Available from Rogers for $99 with select 3-year plans.
It should be no surprise that the iPhone 5 comes highly recommended from so many tech reviewers online. It's a thinner, lighter and faster version of the iPhones that have come before it, and continues to be a leader in the increasingly crowded smartphone market, despite a glut of patent lawsuits from competitors. The new iPhone has an improved battery life, a larger screen that fits 16:9 videos perfectly, and can perform at LTE speeds in areas where the service is offered. Love or hate its omnipresence in popular culture, the iPhone 5 boasts a massive library of apps, all specifically designed for the device (as opposed to Android apps, of which there are just as many, but that need to accommodate dozens of different devices and form factors), which is immediate added value.
Before you run out and buy an iPhone 5 for yourself or the person in your life begging for one, however, there are a couple of things worth noting about it: Maps in the new iOS 6 has been widely mocked for how far it falls short in comparison to the previously-integrated Google Maps, so chances are you'll have to download a third-party application or visit the Google Maps webpage. You'll also likely have to invest in a case, because the new aluminum backing, while looking great, can be susceptible to scratches, which Apple has called 'normal.'
Despite all that, though, it's still the best iPhone yet, and is a great choice for just about anyone looking for a smartphone that does everything he or she wants.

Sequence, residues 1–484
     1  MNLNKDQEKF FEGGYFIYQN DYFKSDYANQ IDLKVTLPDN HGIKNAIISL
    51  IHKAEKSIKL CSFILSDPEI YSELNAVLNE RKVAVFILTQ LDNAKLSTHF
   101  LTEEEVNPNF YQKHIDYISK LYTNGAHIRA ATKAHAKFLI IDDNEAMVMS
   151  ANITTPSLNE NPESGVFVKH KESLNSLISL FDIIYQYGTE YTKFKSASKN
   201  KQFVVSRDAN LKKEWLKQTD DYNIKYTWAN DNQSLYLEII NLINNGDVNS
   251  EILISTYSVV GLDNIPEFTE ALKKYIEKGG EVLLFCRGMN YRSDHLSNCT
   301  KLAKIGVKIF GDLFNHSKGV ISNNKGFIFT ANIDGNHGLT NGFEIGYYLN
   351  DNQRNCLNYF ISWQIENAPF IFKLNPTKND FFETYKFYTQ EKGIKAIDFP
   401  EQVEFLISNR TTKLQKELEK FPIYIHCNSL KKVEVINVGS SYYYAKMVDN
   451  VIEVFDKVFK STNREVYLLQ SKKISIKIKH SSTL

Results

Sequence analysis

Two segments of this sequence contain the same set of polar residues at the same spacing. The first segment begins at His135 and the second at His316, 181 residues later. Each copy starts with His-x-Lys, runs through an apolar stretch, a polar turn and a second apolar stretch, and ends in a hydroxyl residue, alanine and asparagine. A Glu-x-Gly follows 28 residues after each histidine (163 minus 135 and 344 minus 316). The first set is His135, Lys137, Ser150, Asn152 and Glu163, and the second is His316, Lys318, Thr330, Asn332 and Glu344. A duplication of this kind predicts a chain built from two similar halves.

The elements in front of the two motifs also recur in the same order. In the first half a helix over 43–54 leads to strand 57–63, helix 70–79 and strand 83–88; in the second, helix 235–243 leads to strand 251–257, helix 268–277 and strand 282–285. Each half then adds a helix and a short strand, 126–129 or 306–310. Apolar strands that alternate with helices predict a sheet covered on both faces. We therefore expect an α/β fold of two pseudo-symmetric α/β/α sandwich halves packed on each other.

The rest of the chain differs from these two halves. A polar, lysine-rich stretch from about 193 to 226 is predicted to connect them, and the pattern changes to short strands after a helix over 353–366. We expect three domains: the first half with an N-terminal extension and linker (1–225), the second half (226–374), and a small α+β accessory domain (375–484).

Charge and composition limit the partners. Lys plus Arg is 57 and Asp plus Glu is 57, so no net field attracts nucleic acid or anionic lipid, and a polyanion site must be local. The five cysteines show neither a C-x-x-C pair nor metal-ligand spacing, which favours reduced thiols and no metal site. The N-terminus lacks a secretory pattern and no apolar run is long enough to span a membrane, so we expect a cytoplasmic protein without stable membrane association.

Available from Rogers, Bell and Telus starting at $179 on select 3-year plans.
LG Google Nexus 4
It's hard to compete with a Google-endorsed Android phone, if Android is your OS of choice. LG has packed this phone with a quad-core processor and a 4.7-inch screen with HD resolution (1280 X 768). It is one of the first devices to run Google's latest Android 4.2 Jelly Bean operating system, which has brought new camera menus and settings, improved Gmail, and lots of little tweaks to the overall user experience. The Nexus 4 delivers better battery life than its predecessor and includes the ability to charge the phone wirelessly with compatible accessories.
An added bonus to the Nexus 4 is the fact that you'll be buying your phone outright, and aren't tied to a specific carrier. You'll have to pay more up front than you would if you were locking into a three year contract with one of the big three, but you'll pay significantly less than if you were to buy any of the other phones outright without a contract, and you have the freedom to use the phone just about anywhere in the world on local networks.
The only hiccup with the Nexus 4 is a lack of native LTE, but even then, some Canadians have found that they could access LTE networks if they tweaked some settings. It should be noted, though, that these changes aren't supported or endorsed by LG or Google, and will likely void your warranty. Still, that shouldn't stop you from using the Nexus 4 on the HSPA+ service in Canada, which is what the phone will connect to by default, and performs on well.
Available through the Google Play store starting at $359; can activate on Rogers, Bell or Telus networks.